Developing SEP Skills: Reaction in a Bag

The shift to 3-dimensional learning in science education not only means teachers need help and time to adjust, so do our students! How do we ready our students for this change? What’s the best way to do this? I’m not sure but I’ll tell you how I’m going to do it. Before my classes start diving into chemistry concepts I’m going to have them do an investigation in which the focus will be developing the skills necessary for using science and engineering practices (SEPs) to explain crosscutting concepts (CCCs). This way when we begin chemistry concepts we have a reference point. The disciplinary core ideas in this investigation are (hopefully) review for my students (matter is made of particles and energy flows). To do this, I’m going to take an old lab (Reaction in a Bag) and refine it to fit my needs. You’ll find everything below!

Title: Reaction in a Bag; Topic: Developing SEP Skills

Focus (Goals): Students will begin developing skills focused on collaborating, analyzing data, constructing explanations based on evidence, and communicating information.

Student Science Performance

Engaging Learners


Carrying Out an Investigation: In pairs, students perform “Reaction in a Bag” investigation to collect observations.

(Teacher Hint: Teachers give students the “Reaction in a Bag” procedures. Students should place 1 scoop of baking soda and 2 scoops of calcium chloride in opposite corners of a ziplock baggie. In a small beaker, students mix 10 mL of deionized water with 5 drops of an acid/base indicator, such as phenol red. Pour this mixture into the ziplock bag and quickly seal bag, squeezing out as much air as possible. Ensure all chemicals mix together and record observations).


Communicating & Asking Questions: Students engage in a classroom discussion about their observations made during the investigation. Students begin asking questions about the causes for their observations.



Planning and Carrying Out an Investigation: In pairs, students develop investigations to address 1-2 of their questions. Students carry out their investigation(s) and record observations.

(Teacher Hint: Students should “drop” 1-2 chemicals for each investigation. Allow student pairs to determine which chemical(s) they want to drop. )


Analyzing and Interpreting Data: Students begin constructing preliminary explanations for the role of the components in their system. Students should analyze and evaluate the data to determine the best evidence that will support their explanations.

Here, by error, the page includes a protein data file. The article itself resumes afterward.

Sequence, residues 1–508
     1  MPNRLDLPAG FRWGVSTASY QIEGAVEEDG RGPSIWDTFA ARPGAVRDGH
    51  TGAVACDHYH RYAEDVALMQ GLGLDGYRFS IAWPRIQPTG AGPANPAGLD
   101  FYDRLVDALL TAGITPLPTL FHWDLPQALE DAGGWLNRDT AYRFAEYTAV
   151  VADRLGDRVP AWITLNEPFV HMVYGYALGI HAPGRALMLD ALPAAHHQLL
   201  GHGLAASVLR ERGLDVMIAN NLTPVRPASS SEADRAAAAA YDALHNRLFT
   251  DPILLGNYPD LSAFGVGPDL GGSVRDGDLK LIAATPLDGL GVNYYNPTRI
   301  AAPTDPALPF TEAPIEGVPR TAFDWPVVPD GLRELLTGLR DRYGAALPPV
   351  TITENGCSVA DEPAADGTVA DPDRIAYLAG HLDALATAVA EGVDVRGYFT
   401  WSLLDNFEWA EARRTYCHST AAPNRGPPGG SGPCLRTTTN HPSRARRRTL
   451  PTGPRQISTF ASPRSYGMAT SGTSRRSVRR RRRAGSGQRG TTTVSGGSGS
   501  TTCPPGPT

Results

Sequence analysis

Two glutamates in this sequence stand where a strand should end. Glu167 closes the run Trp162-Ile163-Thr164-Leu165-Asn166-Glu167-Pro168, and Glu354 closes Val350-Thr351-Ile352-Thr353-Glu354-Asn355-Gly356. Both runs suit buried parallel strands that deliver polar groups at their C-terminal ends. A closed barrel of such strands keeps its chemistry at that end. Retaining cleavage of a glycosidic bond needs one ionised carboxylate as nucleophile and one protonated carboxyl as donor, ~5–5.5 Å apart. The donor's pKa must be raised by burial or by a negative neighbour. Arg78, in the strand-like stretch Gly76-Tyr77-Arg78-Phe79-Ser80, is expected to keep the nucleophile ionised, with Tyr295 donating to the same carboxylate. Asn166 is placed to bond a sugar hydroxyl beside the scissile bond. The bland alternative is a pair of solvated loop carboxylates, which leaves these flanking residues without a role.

Communicating: Whole class develops data tables to reflect observations made of each system by each group. Students can analyze the interactions within each of these smaller systems and begin connecting this evidence to the observation made of the larger system.



Analyzing and Interpreting Data: Based on whole class data tables, student groups revise and/or elaborate on their explanations for the causes of their observations for the larger system.

Developing and Using Models: Student pairs should develop models that illustrate interactions between chosen chemicals and the resulting observations (cause and effect).


Engaging in Arguments from Evidence: Student pairs argue for why the evidence they have gathered supports the explanations for their observations. Students utilize their models to communicate their explanations and arguments.

Assessment of Student Learning

  • Students will be able to identify causes and effects for observations made during an investigation.
  • Students will be able to construct explanations based on evidence for the causes of their observations.
  • Students will be able to analyze interactions within a system.
  • Students will be able to develop explanations for the role of various components of a system.
  • Students will be able to revise explanations based on new evidence.
  • Students will be able to argue for why the evidence they have gathered supports their explanations.

Remember it is not necessary to understand the precise chemical events that take place during this investigation. This activity provides an introduction to developing SEP skills that’ll explain CCCs. I will not allow students to hide behind science terms; I want to make sure students practice constructing explanations that are tied to observations, not can they use the terms “endothermic” or “exothermic”, etc. While I certainly hope they remember some of these simpler DCIs (they are 9th/10th graders after all) I will not be evaluating them on it for this particular activity. Below you’ll find an easier to read table that highlights the DCIs, SEPs, and CCCs used in this investigation.

Screen Shot 2016-08-28 at 9.05.32 PM

My Chemistry 1 classes will be doing this investigation this week. Next weekend I’ll update this post with pro’s, con’s, and pictures from my classes! (You can find that blog post here.)

Download the 3D lesson plan by clicking on the link below! It’s a Word doc so it may/may not immediately open when you click on it; depends on your computer set up.

3D Lesson Plan: Reaction in a Bag

What ideas do you have for how you’ll teach the skills necessary for science and engineering practices?

4 thoughts on “Developing SEP Skills: Reaction in a Bag

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